4. Set external permissions. If you are using Cisco Unity or RIM’s BlackBerry Server (Enterprise, Professional, or Enterprise Express), then you’ll need to set additional permissions to allow those software packages to access mailboxes contained in this mailbox database. There is no mechanism for performing this operation using the EMC. For BlackBerry, this is the relevant command, executed from the EMS (assuming that your BlackBerry administrative user is named BESAdmin):

Get-MailboxDatabase | Add-ADPermission -User BESAdmin -AccessRights ExtendedRight -ExtendedRights Receive-As, Send-As, ms-Exch-Store-Admin

Obviously, there are additional parameters that can be set. However, these four meet the needs of all my clients and probably will work for you too!

Watch this blog for more “Exchange 2010 gotchas”.

Until next time…

If there are things you would like to see written about, please let me know.

Follow me on twitter: @EssentialExch

A Brief History of Time…(ok ok, let’s go with “An Introduction to the Windows Time Service”)

Note: This article is written for “modern” versions of the Windows operating system – that is, Windows Server 2008, Windows Server 2008 R2, Windows Vista, and Windows 7. For older versions of the Windows operating system, the concepts still apply, but some of the command line parameters for w32tm have changed.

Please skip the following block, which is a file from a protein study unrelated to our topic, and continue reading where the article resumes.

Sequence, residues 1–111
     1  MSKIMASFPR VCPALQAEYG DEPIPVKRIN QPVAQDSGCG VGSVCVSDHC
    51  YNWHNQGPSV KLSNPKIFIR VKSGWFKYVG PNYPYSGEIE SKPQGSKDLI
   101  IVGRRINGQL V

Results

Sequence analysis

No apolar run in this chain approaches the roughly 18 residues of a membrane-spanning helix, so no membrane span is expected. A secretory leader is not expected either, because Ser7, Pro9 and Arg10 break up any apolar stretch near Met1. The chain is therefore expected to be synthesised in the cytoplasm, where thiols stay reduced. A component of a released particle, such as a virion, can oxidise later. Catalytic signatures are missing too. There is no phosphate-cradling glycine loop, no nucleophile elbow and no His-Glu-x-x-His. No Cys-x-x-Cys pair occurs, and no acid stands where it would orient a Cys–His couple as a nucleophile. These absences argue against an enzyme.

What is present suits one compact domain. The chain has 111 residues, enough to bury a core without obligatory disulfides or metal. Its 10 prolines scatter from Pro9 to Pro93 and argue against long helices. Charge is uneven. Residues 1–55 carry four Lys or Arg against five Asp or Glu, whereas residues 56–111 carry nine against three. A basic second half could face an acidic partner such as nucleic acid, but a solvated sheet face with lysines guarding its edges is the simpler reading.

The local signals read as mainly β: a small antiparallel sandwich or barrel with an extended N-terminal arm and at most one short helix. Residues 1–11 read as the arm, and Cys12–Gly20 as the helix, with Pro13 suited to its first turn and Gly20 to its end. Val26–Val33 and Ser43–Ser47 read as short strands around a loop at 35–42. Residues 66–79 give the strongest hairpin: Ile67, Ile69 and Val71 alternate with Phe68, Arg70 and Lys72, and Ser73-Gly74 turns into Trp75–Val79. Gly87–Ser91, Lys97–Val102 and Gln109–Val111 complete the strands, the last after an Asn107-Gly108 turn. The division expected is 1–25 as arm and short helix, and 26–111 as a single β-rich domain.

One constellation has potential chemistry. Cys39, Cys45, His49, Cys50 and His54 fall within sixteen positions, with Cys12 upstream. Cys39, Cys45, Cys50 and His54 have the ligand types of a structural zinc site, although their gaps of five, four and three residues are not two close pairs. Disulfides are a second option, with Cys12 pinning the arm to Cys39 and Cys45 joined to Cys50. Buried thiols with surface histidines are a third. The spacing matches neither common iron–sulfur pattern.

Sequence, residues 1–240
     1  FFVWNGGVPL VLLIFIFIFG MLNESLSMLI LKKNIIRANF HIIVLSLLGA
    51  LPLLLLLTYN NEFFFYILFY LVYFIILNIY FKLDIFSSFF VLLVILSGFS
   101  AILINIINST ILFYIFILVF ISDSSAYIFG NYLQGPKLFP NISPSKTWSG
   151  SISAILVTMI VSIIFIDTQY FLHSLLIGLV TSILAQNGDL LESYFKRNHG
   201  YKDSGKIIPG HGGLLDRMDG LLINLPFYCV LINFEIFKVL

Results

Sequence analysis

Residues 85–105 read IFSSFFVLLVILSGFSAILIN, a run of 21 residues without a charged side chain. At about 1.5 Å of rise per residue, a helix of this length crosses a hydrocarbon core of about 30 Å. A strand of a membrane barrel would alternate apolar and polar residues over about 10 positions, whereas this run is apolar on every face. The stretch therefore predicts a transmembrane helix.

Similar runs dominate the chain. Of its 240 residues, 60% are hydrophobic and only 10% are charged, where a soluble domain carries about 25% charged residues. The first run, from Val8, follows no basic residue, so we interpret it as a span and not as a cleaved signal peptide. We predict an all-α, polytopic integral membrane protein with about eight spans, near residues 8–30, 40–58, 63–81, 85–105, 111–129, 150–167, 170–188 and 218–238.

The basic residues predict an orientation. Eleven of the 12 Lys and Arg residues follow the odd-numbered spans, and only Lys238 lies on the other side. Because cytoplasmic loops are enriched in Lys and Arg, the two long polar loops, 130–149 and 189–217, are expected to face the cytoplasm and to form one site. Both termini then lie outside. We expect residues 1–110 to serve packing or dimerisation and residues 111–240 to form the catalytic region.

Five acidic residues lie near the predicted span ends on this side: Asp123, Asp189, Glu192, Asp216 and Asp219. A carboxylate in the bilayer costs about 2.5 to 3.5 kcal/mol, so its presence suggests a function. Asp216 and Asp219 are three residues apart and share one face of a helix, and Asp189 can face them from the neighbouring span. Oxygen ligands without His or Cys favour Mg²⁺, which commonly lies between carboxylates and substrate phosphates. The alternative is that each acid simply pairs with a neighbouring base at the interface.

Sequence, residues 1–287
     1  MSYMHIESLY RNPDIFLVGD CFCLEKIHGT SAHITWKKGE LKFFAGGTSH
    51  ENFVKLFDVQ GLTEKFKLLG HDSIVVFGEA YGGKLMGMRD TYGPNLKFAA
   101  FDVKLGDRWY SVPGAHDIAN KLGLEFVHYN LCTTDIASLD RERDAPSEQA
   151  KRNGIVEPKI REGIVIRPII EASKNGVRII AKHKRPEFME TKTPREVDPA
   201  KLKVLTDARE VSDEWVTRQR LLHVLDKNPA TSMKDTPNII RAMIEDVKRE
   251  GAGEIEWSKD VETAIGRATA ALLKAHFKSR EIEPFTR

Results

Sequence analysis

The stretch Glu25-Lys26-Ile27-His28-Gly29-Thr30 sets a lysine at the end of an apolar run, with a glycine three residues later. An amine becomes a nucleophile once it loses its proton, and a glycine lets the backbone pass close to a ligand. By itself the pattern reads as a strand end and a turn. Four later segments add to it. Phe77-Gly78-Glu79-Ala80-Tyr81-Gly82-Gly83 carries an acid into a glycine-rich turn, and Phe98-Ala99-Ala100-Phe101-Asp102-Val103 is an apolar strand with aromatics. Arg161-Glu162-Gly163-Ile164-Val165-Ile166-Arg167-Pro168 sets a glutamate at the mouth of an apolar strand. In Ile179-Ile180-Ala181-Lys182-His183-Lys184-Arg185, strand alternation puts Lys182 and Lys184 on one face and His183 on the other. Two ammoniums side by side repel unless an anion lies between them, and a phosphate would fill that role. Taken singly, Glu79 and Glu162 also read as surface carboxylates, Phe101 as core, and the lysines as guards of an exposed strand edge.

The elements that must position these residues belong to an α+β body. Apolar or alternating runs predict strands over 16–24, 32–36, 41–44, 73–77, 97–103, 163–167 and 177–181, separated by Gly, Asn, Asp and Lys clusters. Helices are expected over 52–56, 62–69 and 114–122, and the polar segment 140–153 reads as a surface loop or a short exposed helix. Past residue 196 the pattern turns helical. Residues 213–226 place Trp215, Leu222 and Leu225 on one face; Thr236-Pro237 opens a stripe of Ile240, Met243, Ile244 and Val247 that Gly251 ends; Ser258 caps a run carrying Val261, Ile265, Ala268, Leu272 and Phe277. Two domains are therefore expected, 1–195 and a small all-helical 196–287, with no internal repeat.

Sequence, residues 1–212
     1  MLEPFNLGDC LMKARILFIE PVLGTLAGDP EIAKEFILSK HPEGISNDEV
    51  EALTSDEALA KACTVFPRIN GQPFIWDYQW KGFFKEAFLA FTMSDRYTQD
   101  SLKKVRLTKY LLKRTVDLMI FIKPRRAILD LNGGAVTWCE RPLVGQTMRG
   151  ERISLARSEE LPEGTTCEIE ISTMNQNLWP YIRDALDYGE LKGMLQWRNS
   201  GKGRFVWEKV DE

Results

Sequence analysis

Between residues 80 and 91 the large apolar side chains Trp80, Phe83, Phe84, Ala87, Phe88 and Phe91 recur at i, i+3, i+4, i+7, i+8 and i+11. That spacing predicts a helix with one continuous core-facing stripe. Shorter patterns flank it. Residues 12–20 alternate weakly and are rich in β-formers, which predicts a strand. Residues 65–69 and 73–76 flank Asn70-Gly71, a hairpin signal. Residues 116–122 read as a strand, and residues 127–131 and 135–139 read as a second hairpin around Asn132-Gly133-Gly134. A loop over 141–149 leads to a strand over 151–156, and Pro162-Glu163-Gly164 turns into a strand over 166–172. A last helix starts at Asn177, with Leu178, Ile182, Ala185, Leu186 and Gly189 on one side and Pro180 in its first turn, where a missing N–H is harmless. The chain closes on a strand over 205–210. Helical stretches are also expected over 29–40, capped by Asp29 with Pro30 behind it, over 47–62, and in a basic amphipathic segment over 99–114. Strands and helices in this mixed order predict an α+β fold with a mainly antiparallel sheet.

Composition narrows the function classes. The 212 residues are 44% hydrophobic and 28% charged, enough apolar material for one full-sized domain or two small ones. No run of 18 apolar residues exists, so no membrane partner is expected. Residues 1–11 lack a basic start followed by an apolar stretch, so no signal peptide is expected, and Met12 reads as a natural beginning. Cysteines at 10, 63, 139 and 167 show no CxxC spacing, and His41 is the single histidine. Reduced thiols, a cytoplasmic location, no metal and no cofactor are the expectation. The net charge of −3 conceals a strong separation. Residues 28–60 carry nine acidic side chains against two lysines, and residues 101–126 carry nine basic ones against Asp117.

Windows, especially in an Active Directory environment, requires “good” time. For this discussion, having “good” time means that all members of a domain are capable of synchronizing their clock to a domain controller. Domain controllers synchronize their clocks with the domain controller which holds the PDCe (Primary Domain Controller emulator) role in their Active Directory domain. PDCe’s in child domains synchronize their clocks with the PDCe of the root domain of the Active Directory forest.

When Windows does not have good time, log file entries have incorrect timestamps, event logs have incorrect timestamps, database transaction logs have incorrect timestamps, etc. etc. When the time on a computer becomes too far off from that of a domain controller (more than five minutes above or below), the computer is no longer capable of acquiring Kerberos tickets – this means that a computer and/or a user will not be able to log in to the Active Directory domain, nor will they be able to access any resources on the Active Directory network.